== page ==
Posted via email from THE CENTER (ROOM 116)

"The Good Shepherd": Perseverance (and Preservation) In the Atoning Work of Christ

"Believing doesn't make you a part of His flock; being a part of His flock allows you to believe." - John Piper
So Jesus again said to them, “Truly, truly, I say to you, I am the door of the sheep. All who came before me are thieves and robbers, but the sheep did not listen to them. I am the door. If anyone enters by me, he will be saved and will go in and out and find pasture. The thief comes only to steal and kill and destroy. I came that they may have life and have it abundantly. I am the good shepherd. The good shepherd lays down his life for the sheep. He who is a hired hand and not a shepherd, who does not own the sheep, sees the wolf coming and leaves the sheep and flees, and the wolf snatches them and scatters them. He flees because he is a hired hand and cares nothing for the sheep. I am the good shepherd. I know my own and my own know me, just as the Father knows me and I know the Father; and I lay down my life for the sheep. And I have other sheep that are not of this fold. I must bring them also, and they will listen to my voice. So there will be one flock, one shepherd. For this reason the Father loves me, because I lay down my life that I may take it up again. No one takes it from me, but I lay it down of my own accord. I have authority to lay it down, and I have authority to take it up again. This charge I have received from my Father.”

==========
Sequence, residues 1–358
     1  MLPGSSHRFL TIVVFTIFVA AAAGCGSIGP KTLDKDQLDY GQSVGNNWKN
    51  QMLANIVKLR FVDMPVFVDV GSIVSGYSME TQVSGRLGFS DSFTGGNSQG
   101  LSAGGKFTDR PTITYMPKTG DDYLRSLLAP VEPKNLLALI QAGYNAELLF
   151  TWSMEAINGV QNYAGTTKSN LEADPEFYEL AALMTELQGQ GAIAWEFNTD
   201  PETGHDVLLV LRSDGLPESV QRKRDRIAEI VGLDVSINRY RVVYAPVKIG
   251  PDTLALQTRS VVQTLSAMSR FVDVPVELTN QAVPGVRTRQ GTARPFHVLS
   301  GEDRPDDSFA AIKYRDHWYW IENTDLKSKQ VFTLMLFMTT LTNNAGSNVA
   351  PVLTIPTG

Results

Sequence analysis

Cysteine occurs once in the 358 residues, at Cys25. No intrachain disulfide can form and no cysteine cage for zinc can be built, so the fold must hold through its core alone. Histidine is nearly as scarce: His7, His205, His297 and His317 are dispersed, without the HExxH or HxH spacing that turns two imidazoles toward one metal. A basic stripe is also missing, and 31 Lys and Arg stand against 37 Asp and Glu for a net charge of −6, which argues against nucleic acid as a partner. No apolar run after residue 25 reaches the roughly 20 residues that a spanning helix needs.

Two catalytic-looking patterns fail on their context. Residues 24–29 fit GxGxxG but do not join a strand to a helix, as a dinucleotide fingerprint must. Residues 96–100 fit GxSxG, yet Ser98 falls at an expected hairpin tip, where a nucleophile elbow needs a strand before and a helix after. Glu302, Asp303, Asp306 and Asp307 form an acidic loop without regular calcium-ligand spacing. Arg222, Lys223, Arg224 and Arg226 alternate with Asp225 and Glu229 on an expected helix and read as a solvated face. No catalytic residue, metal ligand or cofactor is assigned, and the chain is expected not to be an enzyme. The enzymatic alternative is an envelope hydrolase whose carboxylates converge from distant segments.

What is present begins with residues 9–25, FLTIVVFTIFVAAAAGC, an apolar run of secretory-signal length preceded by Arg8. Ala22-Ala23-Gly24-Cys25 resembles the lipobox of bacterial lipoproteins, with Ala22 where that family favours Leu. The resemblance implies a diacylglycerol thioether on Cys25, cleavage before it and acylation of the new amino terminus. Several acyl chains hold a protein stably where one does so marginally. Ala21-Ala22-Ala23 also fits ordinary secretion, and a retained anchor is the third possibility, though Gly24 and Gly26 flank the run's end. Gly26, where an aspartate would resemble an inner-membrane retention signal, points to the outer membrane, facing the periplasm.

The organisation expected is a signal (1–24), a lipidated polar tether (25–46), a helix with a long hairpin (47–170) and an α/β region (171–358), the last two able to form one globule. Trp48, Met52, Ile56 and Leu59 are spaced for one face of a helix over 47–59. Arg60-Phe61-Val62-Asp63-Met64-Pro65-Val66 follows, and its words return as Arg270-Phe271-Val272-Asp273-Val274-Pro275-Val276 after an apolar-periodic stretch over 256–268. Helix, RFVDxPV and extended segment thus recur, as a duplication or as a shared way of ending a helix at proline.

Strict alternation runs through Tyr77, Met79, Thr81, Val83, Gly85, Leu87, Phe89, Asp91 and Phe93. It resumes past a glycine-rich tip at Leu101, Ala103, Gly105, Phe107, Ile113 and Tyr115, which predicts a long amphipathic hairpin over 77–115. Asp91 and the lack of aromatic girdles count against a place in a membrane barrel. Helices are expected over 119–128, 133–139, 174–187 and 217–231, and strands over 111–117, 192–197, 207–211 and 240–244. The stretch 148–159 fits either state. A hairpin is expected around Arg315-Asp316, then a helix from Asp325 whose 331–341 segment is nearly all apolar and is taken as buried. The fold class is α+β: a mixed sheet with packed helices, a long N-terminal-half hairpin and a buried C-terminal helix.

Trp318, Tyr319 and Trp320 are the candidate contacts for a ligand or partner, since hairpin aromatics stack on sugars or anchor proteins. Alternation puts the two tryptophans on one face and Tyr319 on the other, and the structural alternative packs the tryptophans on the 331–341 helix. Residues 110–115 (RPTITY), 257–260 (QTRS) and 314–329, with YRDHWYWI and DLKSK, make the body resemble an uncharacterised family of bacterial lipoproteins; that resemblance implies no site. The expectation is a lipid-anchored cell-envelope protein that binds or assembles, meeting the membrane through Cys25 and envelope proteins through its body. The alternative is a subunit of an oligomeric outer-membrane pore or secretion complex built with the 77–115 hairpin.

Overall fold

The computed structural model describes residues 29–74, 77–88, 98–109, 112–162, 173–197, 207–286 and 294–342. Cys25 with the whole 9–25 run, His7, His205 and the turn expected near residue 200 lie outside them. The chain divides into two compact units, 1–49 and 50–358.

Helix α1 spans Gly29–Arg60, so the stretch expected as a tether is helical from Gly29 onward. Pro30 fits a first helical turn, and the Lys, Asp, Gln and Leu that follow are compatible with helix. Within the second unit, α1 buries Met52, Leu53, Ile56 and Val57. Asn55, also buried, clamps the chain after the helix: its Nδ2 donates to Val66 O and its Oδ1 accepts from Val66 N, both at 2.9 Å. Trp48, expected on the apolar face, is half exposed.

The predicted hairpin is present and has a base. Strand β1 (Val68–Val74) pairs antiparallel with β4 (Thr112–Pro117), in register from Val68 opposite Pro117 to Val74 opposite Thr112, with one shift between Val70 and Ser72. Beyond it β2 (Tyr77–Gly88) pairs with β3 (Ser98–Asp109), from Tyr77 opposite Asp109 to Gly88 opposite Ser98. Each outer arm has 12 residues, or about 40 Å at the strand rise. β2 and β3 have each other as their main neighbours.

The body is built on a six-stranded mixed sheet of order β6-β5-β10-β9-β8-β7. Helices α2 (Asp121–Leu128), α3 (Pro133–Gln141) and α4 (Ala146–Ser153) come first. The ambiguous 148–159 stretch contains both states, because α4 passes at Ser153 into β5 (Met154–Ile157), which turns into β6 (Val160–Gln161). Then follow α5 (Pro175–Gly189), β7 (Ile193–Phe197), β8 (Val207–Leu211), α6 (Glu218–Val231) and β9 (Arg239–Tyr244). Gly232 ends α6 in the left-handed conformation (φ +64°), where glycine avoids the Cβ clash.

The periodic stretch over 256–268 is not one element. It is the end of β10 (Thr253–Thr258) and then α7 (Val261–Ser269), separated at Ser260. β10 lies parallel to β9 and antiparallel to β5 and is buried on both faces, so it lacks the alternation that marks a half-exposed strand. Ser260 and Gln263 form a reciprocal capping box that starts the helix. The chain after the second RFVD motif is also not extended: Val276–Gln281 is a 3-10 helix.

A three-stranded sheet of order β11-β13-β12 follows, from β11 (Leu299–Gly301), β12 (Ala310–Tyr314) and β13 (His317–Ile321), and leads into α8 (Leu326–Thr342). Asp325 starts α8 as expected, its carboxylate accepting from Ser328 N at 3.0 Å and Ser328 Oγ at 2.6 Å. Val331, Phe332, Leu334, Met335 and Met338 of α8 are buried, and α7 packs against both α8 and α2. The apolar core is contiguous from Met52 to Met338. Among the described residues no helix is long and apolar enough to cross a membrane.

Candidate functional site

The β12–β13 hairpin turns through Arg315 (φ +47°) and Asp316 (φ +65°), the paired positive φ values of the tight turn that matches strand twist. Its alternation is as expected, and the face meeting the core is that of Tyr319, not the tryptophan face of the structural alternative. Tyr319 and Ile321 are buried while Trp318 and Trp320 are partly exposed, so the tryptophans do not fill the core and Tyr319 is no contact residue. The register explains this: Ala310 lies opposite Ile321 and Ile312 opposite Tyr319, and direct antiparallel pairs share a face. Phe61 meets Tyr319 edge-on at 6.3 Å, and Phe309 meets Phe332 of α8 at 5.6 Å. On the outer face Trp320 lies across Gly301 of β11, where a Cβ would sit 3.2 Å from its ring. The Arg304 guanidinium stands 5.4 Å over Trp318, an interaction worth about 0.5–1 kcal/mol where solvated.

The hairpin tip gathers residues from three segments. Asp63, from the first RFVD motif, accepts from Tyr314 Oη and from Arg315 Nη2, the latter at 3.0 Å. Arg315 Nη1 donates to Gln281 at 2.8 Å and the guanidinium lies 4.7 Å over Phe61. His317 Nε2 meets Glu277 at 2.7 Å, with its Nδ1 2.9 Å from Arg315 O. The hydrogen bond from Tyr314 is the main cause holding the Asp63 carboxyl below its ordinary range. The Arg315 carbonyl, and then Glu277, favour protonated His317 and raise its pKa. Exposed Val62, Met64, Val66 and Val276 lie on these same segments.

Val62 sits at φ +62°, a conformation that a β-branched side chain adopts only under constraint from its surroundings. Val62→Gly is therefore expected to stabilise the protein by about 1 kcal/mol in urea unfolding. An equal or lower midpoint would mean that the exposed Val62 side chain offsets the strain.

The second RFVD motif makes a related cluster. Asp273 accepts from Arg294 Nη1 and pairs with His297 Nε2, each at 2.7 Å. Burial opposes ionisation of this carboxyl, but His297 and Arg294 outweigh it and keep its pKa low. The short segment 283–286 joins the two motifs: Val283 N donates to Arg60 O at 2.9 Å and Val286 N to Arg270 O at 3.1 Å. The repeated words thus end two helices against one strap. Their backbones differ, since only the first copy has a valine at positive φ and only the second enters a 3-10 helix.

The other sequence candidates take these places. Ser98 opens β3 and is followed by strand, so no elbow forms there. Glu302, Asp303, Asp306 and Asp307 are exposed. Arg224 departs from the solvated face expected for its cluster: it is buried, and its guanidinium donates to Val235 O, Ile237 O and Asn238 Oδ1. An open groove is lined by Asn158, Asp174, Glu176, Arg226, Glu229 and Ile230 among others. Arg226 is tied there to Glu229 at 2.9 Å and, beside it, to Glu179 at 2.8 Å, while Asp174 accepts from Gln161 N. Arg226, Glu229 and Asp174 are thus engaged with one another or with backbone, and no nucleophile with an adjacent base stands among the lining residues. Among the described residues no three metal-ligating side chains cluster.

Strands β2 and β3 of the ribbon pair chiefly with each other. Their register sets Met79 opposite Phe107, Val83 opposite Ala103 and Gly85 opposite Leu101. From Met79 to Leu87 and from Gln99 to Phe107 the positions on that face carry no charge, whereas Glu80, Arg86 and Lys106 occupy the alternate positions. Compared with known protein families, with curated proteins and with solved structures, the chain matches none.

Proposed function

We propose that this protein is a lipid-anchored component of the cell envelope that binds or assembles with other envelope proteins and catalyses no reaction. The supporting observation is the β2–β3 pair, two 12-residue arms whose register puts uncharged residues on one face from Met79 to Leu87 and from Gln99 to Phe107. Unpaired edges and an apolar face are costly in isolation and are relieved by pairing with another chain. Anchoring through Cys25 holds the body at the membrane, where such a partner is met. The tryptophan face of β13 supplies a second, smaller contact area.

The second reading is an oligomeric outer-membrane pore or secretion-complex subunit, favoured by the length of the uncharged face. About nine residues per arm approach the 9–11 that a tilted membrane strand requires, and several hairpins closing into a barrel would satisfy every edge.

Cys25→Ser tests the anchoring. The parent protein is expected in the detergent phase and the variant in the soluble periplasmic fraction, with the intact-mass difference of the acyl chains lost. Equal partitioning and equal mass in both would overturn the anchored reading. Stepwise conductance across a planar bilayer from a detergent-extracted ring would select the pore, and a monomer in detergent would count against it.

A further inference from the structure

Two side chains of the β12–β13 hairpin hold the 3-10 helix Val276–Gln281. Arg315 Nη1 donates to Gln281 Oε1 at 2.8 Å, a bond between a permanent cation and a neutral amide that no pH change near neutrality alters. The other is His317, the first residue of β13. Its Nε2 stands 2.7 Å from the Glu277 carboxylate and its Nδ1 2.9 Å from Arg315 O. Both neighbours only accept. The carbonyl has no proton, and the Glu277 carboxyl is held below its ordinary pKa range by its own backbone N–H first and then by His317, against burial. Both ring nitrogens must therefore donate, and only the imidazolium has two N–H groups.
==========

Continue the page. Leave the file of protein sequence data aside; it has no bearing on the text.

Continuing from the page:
(John 10:7-18 ESV)

The definite redemption of the saints is in view here; it is not only definite, but also universal. Jesus came not to save some particular type of people, but a particular people made of every tribe, tongue, and nation (Revelation 5:9-10). Also to be noted, if you are in Christ, you cannot fall away, because as his sheep we only hear His voice and no other. By his atoning work on the cross, he seals them, thereby they are unable to fall away from their faith in an ultimate sense...
If these words of Christ don't bring confidence to the life of Christian faith and the assurance of salvation, I don't think that anything would (John 17:12; Jude 24).

Soli Deo Gloria,

Saturday, August 20, 2011

Why “Let Go and Let God” Is a Bad Idea

What is “let-go-and-let-God” theology? It’s called Keswick theology, and it’s one of the most significant strands of second-blessing theology. It assumes that Christians experience two “blessings.” The first is getting “saved,” and the second is getting serious. The change is dramatic: from a defeated life to a victorious life; from a lower life to a higher life; from a shallow life to a deeper life; from a fruitless life to a more abundant life; from being “carnal” to being “spiritual”; and from merely having Jesus as your Savior to making Jesus your Master. People experience this second blessing through surrender and faith: “Let go and let God.”